I recently spent what felt like a lot of time expanding the History section of Northern Branch. Now that I look at it the parts I touched I realized it was only seven paragraphs (the first two sections under History).

But hard won! I tried to keep it simple and that does take longer. On the other hand, under Wikipedia rules I needed to decorate the text with the little <ref> footnote things, which meant pulling out books and papers from the Collection to verify the factoids.

Why this article? A bit of nostalgia maybe. One of the places I used to live was a block from the Northern track. I guess I thought of it as my little railroad. Three trains to Hoboken in the morning, and three back in the evening. And then that ended.

I never did ride it. Really Joe, just get your ass out of bed early enough some weekday morning and walk a mile to Sparkill and ride it while you can. That's me talking to Younger Self. If we only had time travel perfected by now. This is the 21st Century, right? What's the deal anyway? There are so many occasions where I'd be giving myself a flick in the back of the head for something I did or did not do. I'd be a different person today. A different person, always looking out for Old Joe to show up and give him another dope slap. Maybe that would not make me a better person. So I will accept what I cannot change. I did not ride the Northern Branch.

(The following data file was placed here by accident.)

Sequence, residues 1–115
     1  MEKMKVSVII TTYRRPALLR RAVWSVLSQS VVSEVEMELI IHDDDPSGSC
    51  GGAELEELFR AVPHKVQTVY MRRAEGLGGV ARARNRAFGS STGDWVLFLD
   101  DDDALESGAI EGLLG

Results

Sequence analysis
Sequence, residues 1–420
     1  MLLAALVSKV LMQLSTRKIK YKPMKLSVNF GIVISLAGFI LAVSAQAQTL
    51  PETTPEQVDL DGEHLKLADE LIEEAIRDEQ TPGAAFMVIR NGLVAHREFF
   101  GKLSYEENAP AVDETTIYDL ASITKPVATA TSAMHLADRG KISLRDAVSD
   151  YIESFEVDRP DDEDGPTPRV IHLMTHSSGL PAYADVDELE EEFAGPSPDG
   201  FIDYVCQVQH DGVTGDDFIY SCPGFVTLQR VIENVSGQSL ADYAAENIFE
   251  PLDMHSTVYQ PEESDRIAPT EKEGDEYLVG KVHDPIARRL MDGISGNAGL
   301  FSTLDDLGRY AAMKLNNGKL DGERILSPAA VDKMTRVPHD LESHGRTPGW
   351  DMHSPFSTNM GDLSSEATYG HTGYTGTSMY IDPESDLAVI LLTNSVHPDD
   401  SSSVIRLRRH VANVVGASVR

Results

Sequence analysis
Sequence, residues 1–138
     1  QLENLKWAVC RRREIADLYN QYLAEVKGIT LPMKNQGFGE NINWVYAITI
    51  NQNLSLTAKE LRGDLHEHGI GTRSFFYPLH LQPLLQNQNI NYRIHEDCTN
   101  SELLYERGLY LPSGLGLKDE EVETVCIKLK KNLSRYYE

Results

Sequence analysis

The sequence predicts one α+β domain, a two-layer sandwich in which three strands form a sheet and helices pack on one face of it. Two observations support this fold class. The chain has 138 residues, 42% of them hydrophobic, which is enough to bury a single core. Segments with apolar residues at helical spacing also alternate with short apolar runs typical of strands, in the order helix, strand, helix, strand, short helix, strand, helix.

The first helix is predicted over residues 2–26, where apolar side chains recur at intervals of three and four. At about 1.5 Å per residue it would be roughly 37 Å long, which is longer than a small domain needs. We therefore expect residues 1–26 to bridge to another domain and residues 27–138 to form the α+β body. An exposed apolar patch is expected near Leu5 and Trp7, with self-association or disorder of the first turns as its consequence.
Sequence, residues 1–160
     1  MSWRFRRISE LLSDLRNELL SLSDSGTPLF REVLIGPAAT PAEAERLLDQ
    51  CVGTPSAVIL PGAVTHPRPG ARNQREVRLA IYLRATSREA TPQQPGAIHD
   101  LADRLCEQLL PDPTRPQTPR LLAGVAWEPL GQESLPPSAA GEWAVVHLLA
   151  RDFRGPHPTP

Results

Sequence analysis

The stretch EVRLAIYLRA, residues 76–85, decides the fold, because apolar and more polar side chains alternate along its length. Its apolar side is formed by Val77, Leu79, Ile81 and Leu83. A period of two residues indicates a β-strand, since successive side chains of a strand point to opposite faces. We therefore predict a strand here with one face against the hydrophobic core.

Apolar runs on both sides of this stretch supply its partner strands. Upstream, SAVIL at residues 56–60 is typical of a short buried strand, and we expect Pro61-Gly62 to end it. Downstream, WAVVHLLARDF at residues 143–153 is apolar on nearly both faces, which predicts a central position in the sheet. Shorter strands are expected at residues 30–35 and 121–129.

I walked it sometimes, after it had gone to just one freight train a day. If I went south, I had to go on a small bridge over a creek, walking on the ties.

And I have this:

I consider this a beautiful piece of design. Take it in.

The most important words are dead center in large letters in a pleasing clean typeface. Right below is an aid to finding the track at Hoboken. The wording is left-aligned with the name, and the little diagram of lights hangs out to the left. That's the practical stuff, and it's presented so clearly.